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September 6, 2016 / Leslie

First Chapter First Paragraph ~ Tuesday Intros

The Velvet Hours by Alyson Richman

Berkley | September 2016 | Paperback • Kindle • Audio | 384 pages


June 1940 Paris

Outside, I could hear the sound of airplanes, and their rumble filled me with unease. The only thing worse would be the wail of a bomb siren. I bit my lip and hurried to grab my bag.

I moved through the rooms of my grandmother’s apartment one last time. My finger trailed over the edges of her furniture, my eyes absorbing the image of her beloved porcelains, her carved ornaments, and, lastly, the magnificent portrait of her over the mantel. The only possession of my grandmother’s that I would take with me was hidden underneath the collar of my blouse, and feeling it against my skin gave me courage.

What do you think? Would you keep reading?

Paris, WWII, a mystery . . . I can visualize this scene and it makes me want to start reading right now.


From Goodreads:

An elusive courtesan, Marthe de Florian cultivated a life of art and beauty, casting out all recollections of her impoverished childhood in the dark alleys of Montmartre. With Europe on the brink of war, she shares her story with her granddaughter Solange Beaugiron, using her prized possessions to reveal her innermost secrets. Most striking of all are a beautiful string of pearls and a magnificent portrait of Marthe painted by the Italian artist Giovanni Boldini. As Marthe’s tale unfolds, like velvet itself, stitched with its own shadow and light, it helps to guide Solange on her own path.

First Chapter Tuesday is hosted by Diane at Bibliophile by the Sea. Join us by visiting Diane and linking your own First Chapter post or to find out what others plan to read this week.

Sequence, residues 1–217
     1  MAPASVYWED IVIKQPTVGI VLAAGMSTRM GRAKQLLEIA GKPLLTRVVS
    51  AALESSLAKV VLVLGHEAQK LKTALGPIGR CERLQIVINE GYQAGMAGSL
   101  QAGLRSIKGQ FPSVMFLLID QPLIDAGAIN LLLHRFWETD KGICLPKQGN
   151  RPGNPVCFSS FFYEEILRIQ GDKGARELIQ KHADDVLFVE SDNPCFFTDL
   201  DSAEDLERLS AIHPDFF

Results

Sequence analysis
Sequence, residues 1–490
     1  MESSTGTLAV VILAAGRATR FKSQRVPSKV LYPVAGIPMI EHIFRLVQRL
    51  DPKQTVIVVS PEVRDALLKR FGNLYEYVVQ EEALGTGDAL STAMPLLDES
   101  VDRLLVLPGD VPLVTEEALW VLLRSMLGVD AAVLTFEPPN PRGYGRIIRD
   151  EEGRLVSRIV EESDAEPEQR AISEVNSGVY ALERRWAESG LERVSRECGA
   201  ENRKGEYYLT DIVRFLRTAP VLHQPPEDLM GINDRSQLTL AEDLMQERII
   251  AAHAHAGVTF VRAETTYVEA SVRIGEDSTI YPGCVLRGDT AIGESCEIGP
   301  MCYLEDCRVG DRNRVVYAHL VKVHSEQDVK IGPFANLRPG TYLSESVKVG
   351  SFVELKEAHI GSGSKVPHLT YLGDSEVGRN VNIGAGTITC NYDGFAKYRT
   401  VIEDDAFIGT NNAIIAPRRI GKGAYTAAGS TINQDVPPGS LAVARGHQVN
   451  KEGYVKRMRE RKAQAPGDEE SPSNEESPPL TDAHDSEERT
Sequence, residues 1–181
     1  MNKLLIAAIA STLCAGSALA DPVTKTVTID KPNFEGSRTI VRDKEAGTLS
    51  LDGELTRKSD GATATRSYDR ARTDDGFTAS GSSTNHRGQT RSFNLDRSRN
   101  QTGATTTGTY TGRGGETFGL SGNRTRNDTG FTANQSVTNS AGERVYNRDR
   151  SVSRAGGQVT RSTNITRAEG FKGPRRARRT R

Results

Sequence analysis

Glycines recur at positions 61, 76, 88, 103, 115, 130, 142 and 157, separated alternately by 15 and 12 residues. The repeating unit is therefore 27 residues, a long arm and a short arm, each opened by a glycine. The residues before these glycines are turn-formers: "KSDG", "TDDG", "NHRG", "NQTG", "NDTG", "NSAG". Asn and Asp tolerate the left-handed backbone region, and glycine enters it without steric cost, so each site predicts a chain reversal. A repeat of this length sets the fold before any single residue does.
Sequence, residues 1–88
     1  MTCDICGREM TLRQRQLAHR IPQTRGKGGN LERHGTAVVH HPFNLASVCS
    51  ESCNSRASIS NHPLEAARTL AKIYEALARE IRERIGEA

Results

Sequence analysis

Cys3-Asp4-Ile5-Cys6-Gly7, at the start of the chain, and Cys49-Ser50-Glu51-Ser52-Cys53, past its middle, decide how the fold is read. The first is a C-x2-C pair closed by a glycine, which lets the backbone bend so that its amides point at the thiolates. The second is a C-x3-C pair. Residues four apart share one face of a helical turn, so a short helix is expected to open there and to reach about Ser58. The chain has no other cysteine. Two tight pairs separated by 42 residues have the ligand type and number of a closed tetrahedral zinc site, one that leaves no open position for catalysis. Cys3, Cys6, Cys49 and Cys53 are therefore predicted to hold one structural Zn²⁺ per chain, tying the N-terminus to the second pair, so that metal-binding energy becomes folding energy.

Source: Advance copy provided by Tandem Literary.
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Leave a Comment
  1. Diane / Sep 6 2016 9:34 am

    This sounds good but, I try to avoid WWII books lately as there are just too many of them that I feel it’s overkill.


  2. laurelrainsnow / Sep 6 2016 9:53 am

    I love stories set in this era, and that intro evoked such feelings of upcoming loss. I also love how the narrator seemed to be saying goodbye to the possessions, while clinging to something very important. Perhaps something that would see her through.

    Thanks for sharing, and here’s mine: “THE SISTER”


  3. WordsAndPeace / Sep 6 2016 9:57 am

    sounds great!


  4. lakesidemusing / Sep 6 2016 11:10 am

    I remember loving her earlier novel, The Lost Wife, so would definitely give this a try!


  5. Kay / Sep 6 2016 11:38 am

    This sounds good. I’d like to know what is under her collar…


  6. Hfineisen / Sep 6 2016 6:52 pm

    I’m intrigued. I would keep reading. Enjoy!


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